The Ministry of Health and Welfare on Friday last week announced that the government is putting together a national team of medical professionals from National Taiwan University Hospital (NTUH), National Cheng Kung University (NCKU) Hospital, Taipei Veterans General Hospital and three other medical centers, and would assign its members to six countries covered by the New Southbound Policy.
Before the end of this year, a Taiwanese medical center is to be established in each of these countries.
The policy focuses on mutual medical benefits as it moves in to neighboring countries, in sharp contrast to China’s predatory Belt and Road Initiative, which takes jobs from local residents. President Tsai Ing-wen’s (蔡英文) proposal to use a national team to push the policy forward corresponds with this focus.
Attention should be paid to whether the medical centers are in the best possible location and make the best use of the Taiwanese medical staff.
NCKU is widely recognized for its prestigious Center for Vietnamese Studies, chaired by professor Wi-Vun Taiffalo Chiung (蔣為文) from the Department of Taiwanese Literature, who is well-versed in Vietnamese. Although the center has established close ties with two top Vietnamese universities — Vietnam National University in Hanoi and Vietnam National University in Ho Chi Minh City — the NCKU hospital staff in the national medical team was not asked to establish the medical center in Vietnam.
This raises questions about the extent of resource integration between higher education and medical institutions, and whether the government would allow pro-Taiwan academics rather than pro-China academics in the six countries to assist Taiwan’s southbound medical advancement.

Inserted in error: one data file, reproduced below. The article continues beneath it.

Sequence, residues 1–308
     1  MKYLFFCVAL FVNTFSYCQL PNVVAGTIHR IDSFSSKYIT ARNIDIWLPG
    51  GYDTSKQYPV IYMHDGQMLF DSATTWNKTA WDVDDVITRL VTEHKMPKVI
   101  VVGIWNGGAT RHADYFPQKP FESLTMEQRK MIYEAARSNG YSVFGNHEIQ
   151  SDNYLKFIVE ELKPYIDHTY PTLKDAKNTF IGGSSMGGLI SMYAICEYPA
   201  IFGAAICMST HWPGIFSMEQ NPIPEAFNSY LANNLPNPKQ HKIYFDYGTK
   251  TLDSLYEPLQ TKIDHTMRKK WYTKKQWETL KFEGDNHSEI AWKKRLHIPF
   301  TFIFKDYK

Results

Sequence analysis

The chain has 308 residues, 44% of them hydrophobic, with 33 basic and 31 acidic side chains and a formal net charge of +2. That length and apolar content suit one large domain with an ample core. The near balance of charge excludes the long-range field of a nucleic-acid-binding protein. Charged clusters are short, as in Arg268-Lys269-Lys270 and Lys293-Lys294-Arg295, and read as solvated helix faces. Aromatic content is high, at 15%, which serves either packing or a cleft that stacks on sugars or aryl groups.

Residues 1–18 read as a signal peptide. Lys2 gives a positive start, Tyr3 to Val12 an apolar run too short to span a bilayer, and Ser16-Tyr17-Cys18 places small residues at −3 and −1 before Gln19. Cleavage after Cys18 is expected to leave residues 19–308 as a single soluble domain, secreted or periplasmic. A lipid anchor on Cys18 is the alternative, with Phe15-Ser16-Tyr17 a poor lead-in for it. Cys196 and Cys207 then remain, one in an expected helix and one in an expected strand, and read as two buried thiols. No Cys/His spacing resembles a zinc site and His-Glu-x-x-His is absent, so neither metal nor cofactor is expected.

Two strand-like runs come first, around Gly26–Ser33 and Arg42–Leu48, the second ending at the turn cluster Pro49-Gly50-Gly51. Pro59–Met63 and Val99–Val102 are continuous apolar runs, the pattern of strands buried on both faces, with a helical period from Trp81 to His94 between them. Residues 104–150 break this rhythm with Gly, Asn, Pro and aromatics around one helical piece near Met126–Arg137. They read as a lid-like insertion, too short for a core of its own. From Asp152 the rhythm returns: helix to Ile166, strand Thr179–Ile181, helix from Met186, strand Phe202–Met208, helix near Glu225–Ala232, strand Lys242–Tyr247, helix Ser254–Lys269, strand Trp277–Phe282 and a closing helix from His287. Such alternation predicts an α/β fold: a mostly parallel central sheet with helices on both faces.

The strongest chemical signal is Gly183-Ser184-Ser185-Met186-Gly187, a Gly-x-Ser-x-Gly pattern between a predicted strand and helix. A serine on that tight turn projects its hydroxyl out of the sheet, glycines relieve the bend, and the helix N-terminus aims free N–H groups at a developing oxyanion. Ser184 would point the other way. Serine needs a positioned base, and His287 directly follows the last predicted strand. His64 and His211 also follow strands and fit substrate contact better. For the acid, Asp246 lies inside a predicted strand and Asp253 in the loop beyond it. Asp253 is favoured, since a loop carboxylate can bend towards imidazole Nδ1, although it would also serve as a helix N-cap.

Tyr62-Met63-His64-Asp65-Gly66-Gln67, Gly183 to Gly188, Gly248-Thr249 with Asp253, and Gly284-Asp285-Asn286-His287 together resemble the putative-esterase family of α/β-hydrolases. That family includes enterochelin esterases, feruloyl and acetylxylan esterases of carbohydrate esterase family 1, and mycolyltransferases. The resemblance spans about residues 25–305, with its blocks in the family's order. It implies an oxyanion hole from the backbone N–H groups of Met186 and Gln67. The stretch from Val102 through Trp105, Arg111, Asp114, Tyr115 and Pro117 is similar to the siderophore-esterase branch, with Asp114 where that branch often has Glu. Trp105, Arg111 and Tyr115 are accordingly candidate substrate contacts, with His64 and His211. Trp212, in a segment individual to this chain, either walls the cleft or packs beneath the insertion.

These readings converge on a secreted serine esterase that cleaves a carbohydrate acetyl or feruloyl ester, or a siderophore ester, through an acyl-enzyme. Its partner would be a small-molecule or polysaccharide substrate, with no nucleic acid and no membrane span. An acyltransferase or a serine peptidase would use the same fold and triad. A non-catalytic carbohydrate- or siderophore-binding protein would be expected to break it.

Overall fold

Students and doctors from the National Defense Medical Center (NDMC) and Tri-Service General Hospital are also not included in the national medical team. Students and doctors in the military medical education system holding military status are not legally allowed to travel to China, but these restrictions do not apply to the countries covered by the policy.
The excessively pro-China foreign policy of former president Ma Ying-jeou’s (馬英九) administration made it impossible for outstanding talent from the military medical system to represent Taiwan abroad.
Having lectured and delivered speeches at the NDMC many times, I am deeply impressed by the devotion and enthusiasm that members of its volunteer group Rumahku — meaning “my home” in Indonesian — have for the cultures of South Asian and Southeast Asian countries and their willingness to represent Taiwan abroad.
If military medical students familiar with the languages and cultures of Southeast Asian countries were allowed to complete their internships in the medical centers to be established under the policy, they would be able to represent Taiwan abroad and fulfill their responsibility of defending the nation, while at the same time dispelling the groundless allegations that the government is paying little attention to soldiers and undervalues the military.
Hopefully the ministry and other government authorities will increase their integration efforts so that personnel from both higher education and military institutions can be a part of this major national policy.
The government must not make it impossible for the experts, academics and students who are willing to serve the nation to participate in the New Southbound Policy.
Kimyung Keng, an Indonesian Taiwanese, is an assistant professor and the recipient of the Outstanding Young Taiwanese of 2016 award.
Translated by Chang Ho-ming
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